There are much more hard-headed factors at work too. Labour, if it ends up with fewer seats than the Tories in England, cannot afford to be seen as an “illegitimate” government foisted upon a hostile public by an unholy alliance with Scottish Nationalists. Then there is the re-emerging rift between Labour leftists and modernisers, particularly on the role of the private sector in the NHS. To cut a deal with the SNP, which insists it will vote to “protect” the NHS (that is, prevent increased involvement of the private sector), is to invite a re-run of the Blairite-vs-Brownite cold war of the last two decades.

What does Scottish Labour have in its favour? A confident leader in Jim Murphy, a steel-tough street-fighter in Margaret Curran, and a strategic brain in Douglas Alexander. But will it be enough this time?

There is, of course, the possibility that Unionists will vote tactically to keep the SNP out. The Spectator editor and influential Conservative commentator Fraser Nelson writes:

“I’d like the Tories to win the next election, but not as much as I want Jim Murphy to do well. If Ashcroft’s poll is right, then the end of Britain is once again on the cards. The collapse of Scottish Labour will have brought a new constitutional crisis to England’s door and it will be harder than ever to talk about ‘British politics’… Labour would be unwise to expect a dead cat bounce – the Scottish Tories have been waiting 18 years for theirs.

“I’d rather spend a lifetime in a Labour-run Britain than a day in a fractured, diminished, disunited kingdom – and this is what this election now threatens. We thought the union had been saved (just) in the referendum. But the collapse of the last powerful unionist party in Scotland suggests that the battle for Britain may have only just begun.”

Tactical voting is fraught with risk. In some places, it might prevent a Nationalist victory but in others it would make little difference. It would also hand the SNP another battering ram against Labour: They’re back in alliance with the Tories. They just haven’t learned, have they?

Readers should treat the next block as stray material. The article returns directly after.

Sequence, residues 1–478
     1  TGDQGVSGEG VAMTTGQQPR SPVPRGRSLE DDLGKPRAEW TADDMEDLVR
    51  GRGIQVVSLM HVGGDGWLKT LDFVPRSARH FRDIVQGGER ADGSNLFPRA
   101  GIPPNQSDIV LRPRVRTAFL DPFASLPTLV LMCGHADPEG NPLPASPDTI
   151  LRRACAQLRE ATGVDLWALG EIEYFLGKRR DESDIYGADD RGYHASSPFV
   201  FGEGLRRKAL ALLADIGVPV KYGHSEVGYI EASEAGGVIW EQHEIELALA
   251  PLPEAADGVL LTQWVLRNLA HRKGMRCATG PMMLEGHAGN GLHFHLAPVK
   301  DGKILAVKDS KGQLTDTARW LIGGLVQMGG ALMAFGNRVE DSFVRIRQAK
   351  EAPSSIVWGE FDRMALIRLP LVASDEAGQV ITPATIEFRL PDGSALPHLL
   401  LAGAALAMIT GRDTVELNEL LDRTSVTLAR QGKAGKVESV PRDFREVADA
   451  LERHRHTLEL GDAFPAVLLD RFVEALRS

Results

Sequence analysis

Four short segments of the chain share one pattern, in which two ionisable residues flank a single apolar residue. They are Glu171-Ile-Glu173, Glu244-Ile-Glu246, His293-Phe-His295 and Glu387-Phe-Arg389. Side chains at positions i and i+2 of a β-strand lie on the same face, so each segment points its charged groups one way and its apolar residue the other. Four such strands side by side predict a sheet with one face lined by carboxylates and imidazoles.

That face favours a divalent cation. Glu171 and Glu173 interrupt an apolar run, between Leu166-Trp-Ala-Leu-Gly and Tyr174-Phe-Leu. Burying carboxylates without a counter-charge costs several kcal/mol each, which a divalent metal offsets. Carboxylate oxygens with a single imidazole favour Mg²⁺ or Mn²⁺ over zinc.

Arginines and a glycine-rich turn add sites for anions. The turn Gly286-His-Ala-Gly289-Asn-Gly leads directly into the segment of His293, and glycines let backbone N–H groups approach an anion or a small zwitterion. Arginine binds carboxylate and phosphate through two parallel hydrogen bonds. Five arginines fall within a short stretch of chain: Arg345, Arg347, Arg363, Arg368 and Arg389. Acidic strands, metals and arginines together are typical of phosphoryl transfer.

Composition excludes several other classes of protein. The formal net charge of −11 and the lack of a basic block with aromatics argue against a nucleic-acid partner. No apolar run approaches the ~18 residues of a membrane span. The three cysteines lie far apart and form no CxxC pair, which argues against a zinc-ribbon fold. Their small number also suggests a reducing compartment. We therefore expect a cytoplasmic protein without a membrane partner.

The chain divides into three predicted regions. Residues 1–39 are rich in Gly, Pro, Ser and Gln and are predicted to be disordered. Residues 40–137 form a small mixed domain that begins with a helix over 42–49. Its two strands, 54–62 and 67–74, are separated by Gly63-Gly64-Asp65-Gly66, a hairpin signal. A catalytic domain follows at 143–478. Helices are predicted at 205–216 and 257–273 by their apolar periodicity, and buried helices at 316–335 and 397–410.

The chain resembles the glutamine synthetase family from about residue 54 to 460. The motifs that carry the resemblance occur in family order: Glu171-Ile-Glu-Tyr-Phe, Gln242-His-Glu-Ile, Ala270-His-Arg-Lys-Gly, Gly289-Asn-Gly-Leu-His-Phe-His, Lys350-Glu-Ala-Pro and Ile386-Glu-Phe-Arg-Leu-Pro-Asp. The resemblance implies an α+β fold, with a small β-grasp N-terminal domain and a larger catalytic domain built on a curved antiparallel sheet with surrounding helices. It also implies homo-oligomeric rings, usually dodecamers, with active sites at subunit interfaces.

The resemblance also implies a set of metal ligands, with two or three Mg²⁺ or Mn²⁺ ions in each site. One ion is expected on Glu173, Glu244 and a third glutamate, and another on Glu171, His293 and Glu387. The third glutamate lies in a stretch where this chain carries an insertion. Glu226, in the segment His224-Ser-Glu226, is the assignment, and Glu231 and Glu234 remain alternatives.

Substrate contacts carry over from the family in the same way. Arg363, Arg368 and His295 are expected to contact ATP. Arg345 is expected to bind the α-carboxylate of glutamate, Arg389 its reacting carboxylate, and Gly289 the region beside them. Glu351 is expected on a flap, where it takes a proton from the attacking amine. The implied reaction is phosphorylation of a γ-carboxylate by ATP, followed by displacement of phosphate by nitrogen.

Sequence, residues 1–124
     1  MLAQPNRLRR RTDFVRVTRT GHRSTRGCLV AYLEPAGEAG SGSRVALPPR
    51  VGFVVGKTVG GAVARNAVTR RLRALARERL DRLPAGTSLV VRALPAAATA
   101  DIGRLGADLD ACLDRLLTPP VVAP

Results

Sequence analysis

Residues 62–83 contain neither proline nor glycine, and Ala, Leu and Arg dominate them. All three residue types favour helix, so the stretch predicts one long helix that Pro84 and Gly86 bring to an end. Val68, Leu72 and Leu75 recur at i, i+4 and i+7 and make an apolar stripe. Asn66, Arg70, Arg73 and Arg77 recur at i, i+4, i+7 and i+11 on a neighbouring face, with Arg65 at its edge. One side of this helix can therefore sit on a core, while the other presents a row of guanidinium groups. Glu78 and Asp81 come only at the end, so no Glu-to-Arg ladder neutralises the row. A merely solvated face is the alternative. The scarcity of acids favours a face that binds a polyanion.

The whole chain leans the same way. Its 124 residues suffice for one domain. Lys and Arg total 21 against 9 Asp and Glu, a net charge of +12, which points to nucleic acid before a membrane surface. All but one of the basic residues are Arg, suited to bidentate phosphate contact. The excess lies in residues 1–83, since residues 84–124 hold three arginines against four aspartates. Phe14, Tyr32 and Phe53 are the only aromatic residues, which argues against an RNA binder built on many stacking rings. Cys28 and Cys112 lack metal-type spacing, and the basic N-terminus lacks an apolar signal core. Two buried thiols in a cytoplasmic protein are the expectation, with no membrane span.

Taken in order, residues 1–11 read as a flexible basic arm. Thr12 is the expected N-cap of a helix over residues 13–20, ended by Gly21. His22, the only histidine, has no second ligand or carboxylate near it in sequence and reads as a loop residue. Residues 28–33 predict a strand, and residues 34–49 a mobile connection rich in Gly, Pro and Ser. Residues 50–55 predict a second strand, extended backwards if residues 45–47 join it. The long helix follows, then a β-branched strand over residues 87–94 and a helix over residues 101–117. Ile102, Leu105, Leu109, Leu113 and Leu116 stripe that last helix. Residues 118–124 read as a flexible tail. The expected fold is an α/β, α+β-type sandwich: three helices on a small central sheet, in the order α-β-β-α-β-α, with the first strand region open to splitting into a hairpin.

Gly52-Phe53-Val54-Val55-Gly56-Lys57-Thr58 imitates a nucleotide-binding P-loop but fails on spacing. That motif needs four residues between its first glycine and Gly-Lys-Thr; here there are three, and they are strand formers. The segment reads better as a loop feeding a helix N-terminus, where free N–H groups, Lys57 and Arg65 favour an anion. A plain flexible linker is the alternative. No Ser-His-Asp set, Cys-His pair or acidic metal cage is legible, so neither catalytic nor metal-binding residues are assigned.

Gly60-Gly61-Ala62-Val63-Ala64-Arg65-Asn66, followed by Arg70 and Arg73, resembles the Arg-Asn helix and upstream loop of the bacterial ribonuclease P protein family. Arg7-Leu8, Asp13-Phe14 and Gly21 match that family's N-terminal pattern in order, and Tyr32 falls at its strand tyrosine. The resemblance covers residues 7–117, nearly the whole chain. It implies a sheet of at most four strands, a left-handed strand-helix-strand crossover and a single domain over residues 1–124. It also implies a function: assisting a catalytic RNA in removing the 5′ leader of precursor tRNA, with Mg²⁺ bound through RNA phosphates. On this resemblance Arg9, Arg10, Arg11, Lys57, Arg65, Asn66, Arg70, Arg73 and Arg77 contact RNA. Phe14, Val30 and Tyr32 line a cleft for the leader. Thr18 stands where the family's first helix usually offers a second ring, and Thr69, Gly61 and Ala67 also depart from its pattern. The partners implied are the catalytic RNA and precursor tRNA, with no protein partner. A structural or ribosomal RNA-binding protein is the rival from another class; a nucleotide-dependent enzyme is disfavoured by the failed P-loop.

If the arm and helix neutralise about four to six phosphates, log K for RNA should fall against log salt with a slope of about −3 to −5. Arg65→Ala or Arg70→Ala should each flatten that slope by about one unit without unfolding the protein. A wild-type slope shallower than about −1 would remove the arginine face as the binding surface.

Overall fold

Amidst all the calculations about what this poll and its realisation would mean for Scottish Labour, we shouldn’t forget that Scots aren’t just abandoning their old party; they’re embracing a new one. The SNP has done the hard work over many long years to claw Glasgow and the west away from Labour. If they are successful in May, only the most churlish Labour diehard could begrudge them their victory. That victory, however, comes with strings attached.

To be effective powerbrokers at Westminster, the SNP will have to cut deals that will displease some of its supporters and cast votes that will anger others. It will have to become a political party again, not just a movement. That party will have splits, disputes, leaks, and internal wrangling. Veteran Nationalists understand this but the party has to prepare its younger and more excitable new members for the messy compromises and prosaic realities of UK-wide politics. If the SNP can pull off the balancing act required to succeed at Westminster while retaining the enthusiasm and idealism of its supporters, it will be well placed to replicate Labour’s many decades as the national party of Scotland.

That is what the SNP stands to become and the status Labour is set to lose, according to today’s and other polls. Scotland’s national party; the only game in town. Labour would be banished to the political fringes. Coatbridge no more. Airdrie no more. Paisley no more. Motherwell no more. Glasgow no more. We are in the middle of history being made. As for Labour, its MPs and activists could be forgiven for reflecting moodily: “O judgment! thou art fled to brutish beasts/ And men have lost their reason.” But the problem is not the voters; it is Labour and its toxic brew of arrogance, complacency, and mediocrity.

Labour needs to realise this and act on it. Apologise to Scotland for letting it down, pledge that a Labour government will launch a constitutional convention to deliver a federal UK, then hammer the SNP relentlessly on its failings at Holyrood. Labour did this effectively on Tuesday with an attack on the Scottish Government’s record on A&E waiting times. Do it every single day from now until May 7 and Labour could close the gap enough to stave off a complete wipeout.

Three months to go until polling day and we are five minutes to midnight in the Labour era in Scotland. If the party doesn’t launch a powerful fightback, and launch it now, it could be a very long time before it sees dawn again.

Originally published on STV News